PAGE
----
This February at Umami Mart, it's Love Yuzu month. Although we are grateful for our boos and family during the month of love, here at Umami Mart, it's all about loving certain foods and drinks.
Thanks to my sister's tree in Berkeley that bears tons of fruit every year, February is when I've got yuzu on my mind. It's been all yuzu, all the time for the past few weeks. I've made a yuzu liqueur, yuzu marmalade and brew yuzu ginger tea almost every night. I feel very lucky to have a robust supply of fresh yuzu this time of year.
But for the rest of the year, when there is no fresh yuzu fruit available, I indulge in different foods that preserve the bright, refreshing fruit. Preserving yuzu in sakes and shochus is very common in Japan and a great way to enjoy the fruit all year long.
When I lived in Tokyo, I had a glass of yuzu sake on a big block of ice every Friday night at a tiny spot called Saburo in Hatagaya. That weekly drink is one of my favorite memories of Tokyo. In addition to yuzu sakes, all types of citrus-infused sakes were common in bars (dai dai, mikan, sudachi, etc). I am happy that yuzu sakes have made it stateside – especially great quality ones like the Yuagari Yuzu sake, included in Level 2, that capture the lip puckering tartness of yuzu.
This is the first time I am including citrus-infused sakes for Sake Gumi. For the sake purists, I ask you to open your horizons and try these sakes with me. Although they are very juicy, sweet, and fruity, this a genre that is wildly popular in Japan and can not be ignored. The pairing possibilities are unique with these sakes and reach places that traditional sakes can't go (like pairing with really spicy salsas and tacos).
To avoid overloading you with yuzu, the other bottles in both levels are drier complement the yuzu offerings. It's a privilege for me to offer Level 1 members with one of my all time favorite sakes: Bride of the Fox. And for Level 2, I chose an Otokoyama Nama that is appropriate for the cold winter season (although it's been unusually warm here in Oakland).
Follow us on Instagram @umamimart and on our blog to discover yuzu recipes and tidbits all month long!
YokoLEVEL 1: Introductory Membership (Two 300ml bottles)
Kizakura Brewery (Kyoto, Japan)
Seimaibuai: N/A, SMV: N/A
This refreshingly light, sparkling sake come from Kizakura Brewery, who has been making sake since 1925. We also carry a few beers (including a yuzu beer, duh!) from Kizakura at Umami Mart. This sake is only 7% ABV, making it a great mid-day refreshment. What I like about this sparkling sake is that it’s surprisingly dry and captures the nuance of the floral and tart fruit. Enjoy this sake cold alongside chips and salsa, or crispy cheese crackers.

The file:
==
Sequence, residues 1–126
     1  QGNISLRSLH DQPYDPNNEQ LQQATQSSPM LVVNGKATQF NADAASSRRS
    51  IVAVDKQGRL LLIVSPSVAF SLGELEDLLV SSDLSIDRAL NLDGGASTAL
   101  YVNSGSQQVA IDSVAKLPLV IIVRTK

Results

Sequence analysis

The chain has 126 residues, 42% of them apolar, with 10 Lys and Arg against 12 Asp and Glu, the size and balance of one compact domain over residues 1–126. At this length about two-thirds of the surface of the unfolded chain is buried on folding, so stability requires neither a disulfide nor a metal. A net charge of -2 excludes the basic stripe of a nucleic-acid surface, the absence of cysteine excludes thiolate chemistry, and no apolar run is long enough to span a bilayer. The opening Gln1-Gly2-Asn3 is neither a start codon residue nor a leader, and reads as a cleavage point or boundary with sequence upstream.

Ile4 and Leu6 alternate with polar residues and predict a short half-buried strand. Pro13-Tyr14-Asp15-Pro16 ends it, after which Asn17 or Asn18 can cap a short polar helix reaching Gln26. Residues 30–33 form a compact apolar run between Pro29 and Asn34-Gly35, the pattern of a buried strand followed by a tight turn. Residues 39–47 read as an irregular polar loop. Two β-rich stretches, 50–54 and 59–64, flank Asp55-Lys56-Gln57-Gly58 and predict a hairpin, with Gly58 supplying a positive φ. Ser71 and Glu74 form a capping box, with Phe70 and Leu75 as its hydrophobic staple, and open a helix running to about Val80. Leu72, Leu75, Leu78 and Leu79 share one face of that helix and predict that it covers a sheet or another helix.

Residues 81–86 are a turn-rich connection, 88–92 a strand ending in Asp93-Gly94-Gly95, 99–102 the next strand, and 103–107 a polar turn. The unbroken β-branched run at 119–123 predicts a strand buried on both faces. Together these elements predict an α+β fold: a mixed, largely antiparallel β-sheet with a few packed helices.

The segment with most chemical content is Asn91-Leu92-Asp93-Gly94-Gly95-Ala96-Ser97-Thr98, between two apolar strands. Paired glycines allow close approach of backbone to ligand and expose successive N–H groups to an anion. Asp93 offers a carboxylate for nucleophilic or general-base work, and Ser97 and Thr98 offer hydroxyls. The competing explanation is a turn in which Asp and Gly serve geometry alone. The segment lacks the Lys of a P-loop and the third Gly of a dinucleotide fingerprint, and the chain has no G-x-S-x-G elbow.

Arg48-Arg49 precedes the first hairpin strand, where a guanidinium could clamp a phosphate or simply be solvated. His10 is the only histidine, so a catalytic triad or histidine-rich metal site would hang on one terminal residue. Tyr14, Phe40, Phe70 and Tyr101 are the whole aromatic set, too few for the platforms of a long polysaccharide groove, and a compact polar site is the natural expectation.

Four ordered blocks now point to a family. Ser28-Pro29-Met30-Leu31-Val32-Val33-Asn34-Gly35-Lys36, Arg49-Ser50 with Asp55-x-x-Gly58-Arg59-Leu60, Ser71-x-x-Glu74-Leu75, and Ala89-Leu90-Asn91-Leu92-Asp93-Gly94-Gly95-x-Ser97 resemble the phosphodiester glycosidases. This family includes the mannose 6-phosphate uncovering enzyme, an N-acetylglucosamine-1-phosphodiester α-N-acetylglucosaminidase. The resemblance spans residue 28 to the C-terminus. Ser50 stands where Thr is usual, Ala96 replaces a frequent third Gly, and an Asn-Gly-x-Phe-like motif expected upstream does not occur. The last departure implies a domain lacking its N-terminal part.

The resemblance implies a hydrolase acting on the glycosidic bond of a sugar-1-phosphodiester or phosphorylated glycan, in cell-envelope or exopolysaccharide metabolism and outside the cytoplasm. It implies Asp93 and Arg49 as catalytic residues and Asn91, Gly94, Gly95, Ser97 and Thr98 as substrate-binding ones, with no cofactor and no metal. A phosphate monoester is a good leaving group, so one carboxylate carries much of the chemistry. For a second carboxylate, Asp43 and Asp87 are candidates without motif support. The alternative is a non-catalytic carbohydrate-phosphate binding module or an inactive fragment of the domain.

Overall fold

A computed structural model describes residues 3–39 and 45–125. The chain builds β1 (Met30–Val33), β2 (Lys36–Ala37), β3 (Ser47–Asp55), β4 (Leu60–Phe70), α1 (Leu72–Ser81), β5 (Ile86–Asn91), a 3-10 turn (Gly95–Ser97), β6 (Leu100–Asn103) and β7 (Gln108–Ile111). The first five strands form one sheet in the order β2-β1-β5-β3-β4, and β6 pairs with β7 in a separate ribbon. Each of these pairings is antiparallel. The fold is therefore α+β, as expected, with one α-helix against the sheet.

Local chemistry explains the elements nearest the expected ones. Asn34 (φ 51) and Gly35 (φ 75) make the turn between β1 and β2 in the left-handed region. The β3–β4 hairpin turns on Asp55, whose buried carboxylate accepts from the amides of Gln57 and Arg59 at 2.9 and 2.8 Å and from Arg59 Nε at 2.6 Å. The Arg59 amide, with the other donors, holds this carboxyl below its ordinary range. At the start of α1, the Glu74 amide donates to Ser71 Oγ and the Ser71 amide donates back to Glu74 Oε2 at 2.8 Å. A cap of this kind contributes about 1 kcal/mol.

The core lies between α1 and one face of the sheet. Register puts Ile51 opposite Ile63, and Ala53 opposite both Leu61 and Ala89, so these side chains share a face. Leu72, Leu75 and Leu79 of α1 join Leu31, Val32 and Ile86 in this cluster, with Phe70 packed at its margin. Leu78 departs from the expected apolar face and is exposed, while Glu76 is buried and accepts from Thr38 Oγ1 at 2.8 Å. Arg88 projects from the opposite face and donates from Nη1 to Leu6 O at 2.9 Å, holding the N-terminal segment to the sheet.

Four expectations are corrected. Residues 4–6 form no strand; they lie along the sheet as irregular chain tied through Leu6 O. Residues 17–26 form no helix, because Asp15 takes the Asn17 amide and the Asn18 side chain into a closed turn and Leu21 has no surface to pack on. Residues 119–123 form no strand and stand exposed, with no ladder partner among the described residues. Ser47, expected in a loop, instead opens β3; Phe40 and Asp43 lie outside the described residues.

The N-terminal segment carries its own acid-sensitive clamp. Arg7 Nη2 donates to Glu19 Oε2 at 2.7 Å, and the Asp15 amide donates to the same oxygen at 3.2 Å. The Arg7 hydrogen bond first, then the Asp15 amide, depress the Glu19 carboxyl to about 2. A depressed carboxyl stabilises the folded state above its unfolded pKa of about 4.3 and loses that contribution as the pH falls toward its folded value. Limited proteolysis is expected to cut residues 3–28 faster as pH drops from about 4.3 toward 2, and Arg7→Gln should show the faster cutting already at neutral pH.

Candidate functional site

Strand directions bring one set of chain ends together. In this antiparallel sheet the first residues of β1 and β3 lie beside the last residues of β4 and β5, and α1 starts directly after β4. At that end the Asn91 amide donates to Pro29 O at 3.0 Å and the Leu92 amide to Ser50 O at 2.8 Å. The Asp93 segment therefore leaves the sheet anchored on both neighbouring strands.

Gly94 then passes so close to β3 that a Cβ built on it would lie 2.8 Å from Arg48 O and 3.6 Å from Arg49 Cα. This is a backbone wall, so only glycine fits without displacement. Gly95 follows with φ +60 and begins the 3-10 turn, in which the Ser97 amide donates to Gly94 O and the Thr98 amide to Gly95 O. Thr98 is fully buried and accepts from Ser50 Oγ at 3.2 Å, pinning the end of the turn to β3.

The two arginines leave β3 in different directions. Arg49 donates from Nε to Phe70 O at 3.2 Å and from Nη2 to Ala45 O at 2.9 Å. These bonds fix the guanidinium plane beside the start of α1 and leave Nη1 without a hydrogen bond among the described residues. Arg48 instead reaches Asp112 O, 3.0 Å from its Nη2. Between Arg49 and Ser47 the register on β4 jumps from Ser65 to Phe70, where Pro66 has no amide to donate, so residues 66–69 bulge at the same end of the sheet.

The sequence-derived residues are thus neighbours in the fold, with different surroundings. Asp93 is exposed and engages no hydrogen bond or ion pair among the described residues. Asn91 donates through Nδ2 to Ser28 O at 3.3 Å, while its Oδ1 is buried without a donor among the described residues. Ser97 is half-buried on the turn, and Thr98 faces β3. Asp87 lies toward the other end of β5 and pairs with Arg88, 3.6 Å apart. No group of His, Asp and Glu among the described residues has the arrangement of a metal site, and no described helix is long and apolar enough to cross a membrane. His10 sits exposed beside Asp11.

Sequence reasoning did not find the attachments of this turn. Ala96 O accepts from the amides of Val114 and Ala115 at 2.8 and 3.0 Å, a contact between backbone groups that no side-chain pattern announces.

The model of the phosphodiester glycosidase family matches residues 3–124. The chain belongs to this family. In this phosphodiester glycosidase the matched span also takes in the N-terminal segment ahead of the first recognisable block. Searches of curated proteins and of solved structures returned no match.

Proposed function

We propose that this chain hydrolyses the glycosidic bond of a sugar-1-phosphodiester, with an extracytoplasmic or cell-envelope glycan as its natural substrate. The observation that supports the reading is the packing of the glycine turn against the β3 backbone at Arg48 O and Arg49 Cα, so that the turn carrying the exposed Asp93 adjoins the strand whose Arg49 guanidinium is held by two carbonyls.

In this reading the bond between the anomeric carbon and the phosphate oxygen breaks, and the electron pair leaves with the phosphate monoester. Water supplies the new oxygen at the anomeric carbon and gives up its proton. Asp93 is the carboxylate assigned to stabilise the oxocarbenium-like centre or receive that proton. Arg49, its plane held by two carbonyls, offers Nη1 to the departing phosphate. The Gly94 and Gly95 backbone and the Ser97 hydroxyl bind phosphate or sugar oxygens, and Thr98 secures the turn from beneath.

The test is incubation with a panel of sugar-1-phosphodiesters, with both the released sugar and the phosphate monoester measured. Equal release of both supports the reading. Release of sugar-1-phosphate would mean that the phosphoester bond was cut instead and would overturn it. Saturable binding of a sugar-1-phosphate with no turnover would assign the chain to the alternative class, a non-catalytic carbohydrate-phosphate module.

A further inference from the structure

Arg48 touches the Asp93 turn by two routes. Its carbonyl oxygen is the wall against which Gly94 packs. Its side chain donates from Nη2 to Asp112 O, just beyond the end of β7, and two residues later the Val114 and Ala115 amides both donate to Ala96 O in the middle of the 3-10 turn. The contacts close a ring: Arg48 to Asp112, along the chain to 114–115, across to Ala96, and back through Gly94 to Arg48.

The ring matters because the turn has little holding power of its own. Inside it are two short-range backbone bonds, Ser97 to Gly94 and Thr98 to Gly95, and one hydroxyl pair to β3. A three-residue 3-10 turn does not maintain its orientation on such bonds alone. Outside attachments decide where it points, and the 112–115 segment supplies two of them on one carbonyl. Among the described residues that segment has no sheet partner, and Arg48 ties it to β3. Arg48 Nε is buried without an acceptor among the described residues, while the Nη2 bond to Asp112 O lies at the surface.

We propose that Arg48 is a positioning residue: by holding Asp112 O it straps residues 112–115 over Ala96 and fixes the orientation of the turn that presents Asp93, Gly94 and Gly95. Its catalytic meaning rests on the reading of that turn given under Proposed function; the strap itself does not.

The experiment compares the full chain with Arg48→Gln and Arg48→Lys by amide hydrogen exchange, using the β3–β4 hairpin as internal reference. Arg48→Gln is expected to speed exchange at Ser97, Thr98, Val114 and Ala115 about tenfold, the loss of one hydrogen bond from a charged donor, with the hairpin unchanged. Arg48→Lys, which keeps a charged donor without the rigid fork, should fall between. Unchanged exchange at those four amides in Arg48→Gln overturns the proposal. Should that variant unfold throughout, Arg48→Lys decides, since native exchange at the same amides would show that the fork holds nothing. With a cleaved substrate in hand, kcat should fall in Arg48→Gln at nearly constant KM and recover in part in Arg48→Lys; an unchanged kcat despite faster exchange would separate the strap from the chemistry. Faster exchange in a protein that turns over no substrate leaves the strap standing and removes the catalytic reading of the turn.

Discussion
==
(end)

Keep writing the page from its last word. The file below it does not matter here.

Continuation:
Bride of the Fox Junmai Ginjo
Kaetsu Brewery (Niigata, Japan)
Seimaibuai: 50%, SMV: +3
The first thing you need to know about this sake is that it was the first beverage to run out at Kayoko’s wedding. The spectrum of flavors in this sake never gets old: savory cashews mingling with a fruity pear, ending with a refreshingly crisp finish. It’s hard to stop at just one glass. This is not your typical ginjo – it’s earthy, nutty, mushroomy but somehow still light and endlessly drinkable. Try at room temperature and experiment with pairing – it’s suprisingly flexible. Pizza, burgers, pasta and ramen, you name it!
LEVEL 2: Premium Membership (Two 720ml bottles)
Iinuma Honke Brewery (Chiba, Japan)
Seimaibuai: N/A, SMV: N/A
This is the second best thing to having fresh, yuzu fruit. It’s bitter, viscous tart, and floral – all the flavors you’d expect in a fresh yuzu fruit. Yuagari means “after the bath.” So have it chilled on a big block of ice after hot bath or a long day... or make it a Yuzurita or Love Yuzu cocktail on our blog! Kayoko and I always have trouble pairing sake with Mexican food like chicharones and smokey red salsa. With this sake, our troubles are behind us. This yuzu-shu will go down easy on Taco Tuesday.
Otokoyama Tokubetsu Junmai Nama
Otokoyama (Hokkaido, Japan)
Seimaibuai: 55%, SMV: +2
As the label suggest, this is a fun wintertime sake that should be enjoyed chilled, since it’s a nama (unpasteurized sake). There’s a little bit of whipped cream on the nose, in addition to sweet apples. The taste reflects some of the juiciness, but finishes very dry, which is what Otokoyama sakes are known for best. This sake is an excellent complement to salty, umami morsels like chicharones and olives. Although it’s a junmai, the rice is milled down to 55%, uncovering a delicate fruity flavor.